BC: No, that was, that was a meaningful pause.

NP: Well the way you were delivering there wasn't a great deal of meaning to your style at that particular moment.

BC: That's very hurtful!

NP: I know but we are like that in Just A Minute.

BC: Very hurtful! I mean...

NP: You know, we try to needle them to get them going and...

BC: (in tears) It's all right! Carry on!

NP: Barry um...

CF: Clement!

NP: Clement's got in with two seconds to go...

BC: Oh!

NP: ... on happiness starting now.

CF: Snow White And The Seven Dwarfs...


NP: So in spite of Clement getting the point for speaking as the whistle went, Barry Cryer is still out in the lead, one ahead of him. Kenneth your turn to begin and the subject Clytie. Will you tell us something about that in Just A Minute starting now.

KW: I can tell you something about Clytie indeed. Because she was one of the daughters of Ahamos, the King of Babylon. And according to Greek mythology, she was loved by Helios, the god of light. Now then he fancied her sister which caused her considerable anguish and anger. So she went to her dad and told him what was going on, whereupon the monarch had this poor girl buried alive. And even the god of light failed to get enough...


NP: Clement Freud has challenged.

CF: Repetition of god.

NP: Yes you mentioned the god before. God Helios before and now you've got the god of light. So I'm sorry, it's repetition Kenneth, and Clement's got in with six and a half minutes to go on Clytie...

BC: Six and a half minutes? Is this the Chinese version?

NP: It's the one to confuse them in Peking, yes. Clement you got in with six and a half seconds to go on Clytie starting now.

CF: And so it came to pass that on the first day of spring, Clytie went to her master, prostrated herself on the marble floor...



NP: Kenneth, Kenneth challenged just before the whistle.

KW: Yes she didn't, she didn't prostrate herself on the first day of spring at all. In fact it was the very very very other season that she prostrated herself.

NP: Yes but how do we know that Clement wasn't talking about another Clytie?

KW: No, he doesn't know anything about her at all! He's just filling in!

NP: Oh let's be generous and give it to Kenneth...

KW: No, we're not being generous! I know about Clytie and I want to discuss it!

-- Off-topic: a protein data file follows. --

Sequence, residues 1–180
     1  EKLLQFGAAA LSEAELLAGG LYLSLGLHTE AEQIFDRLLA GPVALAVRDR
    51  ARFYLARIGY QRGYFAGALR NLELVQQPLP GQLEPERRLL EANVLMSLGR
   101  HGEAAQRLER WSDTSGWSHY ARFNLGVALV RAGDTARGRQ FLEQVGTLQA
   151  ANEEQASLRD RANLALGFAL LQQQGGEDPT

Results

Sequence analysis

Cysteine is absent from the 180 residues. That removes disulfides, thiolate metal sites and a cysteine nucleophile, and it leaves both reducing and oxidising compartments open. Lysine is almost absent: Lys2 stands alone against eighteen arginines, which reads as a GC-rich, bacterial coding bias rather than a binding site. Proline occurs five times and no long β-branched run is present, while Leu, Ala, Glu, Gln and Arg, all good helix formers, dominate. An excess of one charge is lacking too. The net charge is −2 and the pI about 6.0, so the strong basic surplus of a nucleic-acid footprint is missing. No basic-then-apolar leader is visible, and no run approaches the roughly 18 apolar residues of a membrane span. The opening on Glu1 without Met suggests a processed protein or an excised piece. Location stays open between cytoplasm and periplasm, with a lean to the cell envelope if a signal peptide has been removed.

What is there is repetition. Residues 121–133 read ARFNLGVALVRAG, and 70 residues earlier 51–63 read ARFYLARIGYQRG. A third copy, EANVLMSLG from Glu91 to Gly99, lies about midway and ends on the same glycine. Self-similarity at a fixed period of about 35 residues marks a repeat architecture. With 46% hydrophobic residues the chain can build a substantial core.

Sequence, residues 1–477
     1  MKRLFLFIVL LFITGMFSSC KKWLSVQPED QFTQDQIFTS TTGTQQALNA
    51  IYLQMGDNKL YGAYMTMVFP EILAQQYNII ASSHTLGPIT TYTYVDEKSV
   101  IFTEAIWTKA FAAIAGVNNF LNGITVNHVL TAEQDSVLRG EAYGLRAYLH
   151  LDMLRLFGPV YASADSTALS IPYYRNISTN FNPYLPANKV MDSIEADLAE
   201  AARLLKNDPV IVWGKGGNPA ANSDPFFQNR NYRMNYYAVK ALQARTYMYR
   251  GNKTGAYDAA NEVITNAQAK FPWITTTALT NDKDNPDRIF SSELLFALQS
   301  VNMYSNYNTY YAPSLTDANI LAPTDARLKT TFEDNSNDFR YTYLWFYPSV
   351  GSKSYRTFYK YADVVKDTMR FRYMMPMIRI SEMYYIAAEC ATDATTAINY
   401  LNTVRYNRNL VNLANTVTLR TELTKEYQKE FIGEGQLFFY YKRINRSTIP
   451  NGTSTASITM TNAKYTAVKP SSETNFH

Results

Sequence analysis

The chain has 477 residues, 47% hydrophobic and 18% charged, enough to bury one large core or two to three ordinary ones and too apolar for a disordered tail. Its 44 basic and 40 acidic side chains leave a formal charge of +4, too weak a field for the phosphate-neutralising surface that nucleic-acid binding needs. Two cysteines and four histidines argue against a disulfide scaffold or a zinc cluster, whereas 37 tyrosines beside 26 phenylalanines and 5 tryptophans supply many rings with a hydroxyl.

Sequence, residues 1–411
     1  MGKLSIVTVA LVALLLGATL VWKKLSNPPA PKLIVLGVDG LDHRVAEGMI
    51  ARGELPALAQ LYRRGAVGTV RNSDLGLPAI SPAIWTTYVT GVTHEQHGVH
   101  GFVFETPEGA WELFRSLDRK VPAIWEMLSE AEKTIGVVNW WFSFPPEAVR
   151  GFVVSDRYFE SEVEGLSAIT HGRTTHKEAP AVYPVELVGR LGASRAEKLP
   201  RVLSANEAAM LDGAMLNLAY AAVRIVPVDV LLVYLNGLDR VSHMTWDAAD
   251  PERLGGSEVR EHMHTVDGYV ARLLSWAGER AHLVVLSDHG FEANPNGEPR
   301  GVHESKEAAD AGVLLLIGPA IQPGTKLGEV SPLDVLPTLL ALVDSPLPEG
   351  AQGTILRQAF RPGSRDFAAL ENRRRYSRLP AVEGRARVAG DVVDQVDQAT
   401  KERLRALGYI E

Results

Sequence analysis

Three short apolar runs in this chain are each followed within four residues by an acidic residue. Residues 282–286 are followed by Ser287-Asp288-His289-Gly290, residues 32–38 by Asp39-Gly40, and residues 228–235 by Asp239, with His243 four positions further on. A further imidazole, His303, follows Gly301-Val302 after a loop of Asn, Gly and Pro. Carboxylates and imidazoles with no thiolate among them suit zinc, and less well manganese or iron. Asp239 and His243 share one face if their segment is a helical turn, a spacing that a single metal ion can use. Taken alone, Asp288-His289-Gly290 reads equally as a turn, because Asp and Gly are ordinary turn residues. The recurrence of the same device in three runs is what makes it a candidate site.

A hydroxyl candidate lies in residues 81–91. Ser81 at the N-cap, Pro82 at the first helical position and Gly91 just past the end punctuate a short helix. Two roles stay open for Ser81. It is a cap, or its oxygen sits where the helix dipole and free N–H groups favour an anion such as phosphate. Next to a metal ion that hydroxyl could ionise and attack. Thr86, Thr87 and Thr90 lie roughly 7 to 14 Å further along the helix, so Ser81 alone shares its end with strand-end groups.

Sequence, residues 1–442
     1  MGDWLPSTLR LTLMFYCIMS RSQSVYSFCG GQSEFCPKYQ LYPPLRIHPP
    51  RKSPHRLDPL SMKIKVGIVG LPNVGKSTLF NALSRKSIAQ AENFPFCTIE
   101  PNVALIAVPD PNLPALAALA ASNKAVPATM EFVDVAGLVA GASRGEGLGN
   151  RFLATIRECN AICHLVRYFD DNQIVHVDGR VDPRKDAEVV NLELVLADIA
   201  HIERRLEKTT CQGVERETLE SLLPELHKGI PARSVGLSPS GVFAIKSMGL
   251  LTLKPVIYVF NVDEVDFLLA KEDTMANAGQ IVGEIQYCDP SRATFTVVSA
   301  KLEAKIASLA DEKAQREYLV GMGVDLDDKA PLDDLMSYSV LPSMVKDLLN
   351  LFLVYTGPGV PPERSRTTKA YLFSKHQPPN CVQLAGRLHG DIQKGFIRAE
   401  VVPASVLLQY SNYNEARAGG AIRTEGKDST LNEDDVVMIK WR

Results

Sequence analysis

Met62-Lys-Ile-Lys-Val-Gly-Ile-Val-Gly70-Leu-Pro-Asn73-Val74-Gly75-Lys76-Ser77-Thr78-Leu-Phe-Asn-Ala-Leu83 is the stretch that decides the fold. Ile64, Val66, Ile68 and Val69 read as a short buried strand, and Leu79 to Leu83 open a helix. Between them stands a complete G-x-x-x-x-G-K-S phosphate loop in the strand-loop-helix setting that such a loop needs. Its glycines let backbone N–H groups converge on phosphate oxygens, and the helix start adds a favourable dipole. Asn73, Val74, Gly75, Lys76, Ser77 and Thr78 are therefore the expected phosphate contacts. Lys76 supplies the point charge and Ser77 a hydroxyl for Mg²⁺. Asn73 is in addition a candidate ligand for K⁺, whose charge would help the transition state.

NP: Clement might have been talking about another Clytie. How am I to know what Clytie he was talking about? In the game he can talk about any Clytie he knows.

KW: You can't because you see, the whole point about it if you really know about Clytie, is to say that she was turned into the bush which is today heliotrope...

NP: No, if the subject was Clytie from Greek mythology...

KW: No, to say that she is heliotrope. That's the whole point of it.

NP: I'm going to point it to this audience, I'm not going to have this argument. If you agree with Kenneth, in other words, there's only one that Clytie that we're talking about. But if it could be any Clytie in which case you agree with Clement, let us all either cheer for Kenneth and boo for Clement, and all do it together now.


NP: You're prejudiced and biased aren't you! Kenneth they're on your side so you take over the subject with half a second to go starting now.

KW: Yes the poor girl became...


NP: So Kenneth...

KW: I wasn't able to embroider! I should have been able to say that as the result of her anguish, she actually took root in the ground. That's the point of it, you see.

NP: Yes and then what happened?

KW: I wanted to make, you know, drive home to this audience...

BC: Fair enough.

KW: ... because in that Greek mythological, mythological um sense, the whole point about someone like um Clytie is that she's comparable to Echo. Because Echo loves, what do you call it, Narcissus so much that she refuses to eat too. And she wastes away until only the voice is left wailing. And when her own voice comes back to you disembodied, you still say today "oh that's an echo". And that's why it's so very beautiful. That's why it's marvellous about Clytie being heliotrope now today when you see it. You can know it then that this is the girl...

NP: So all the heliotrope sticking up in the gardens is all from this Clytie?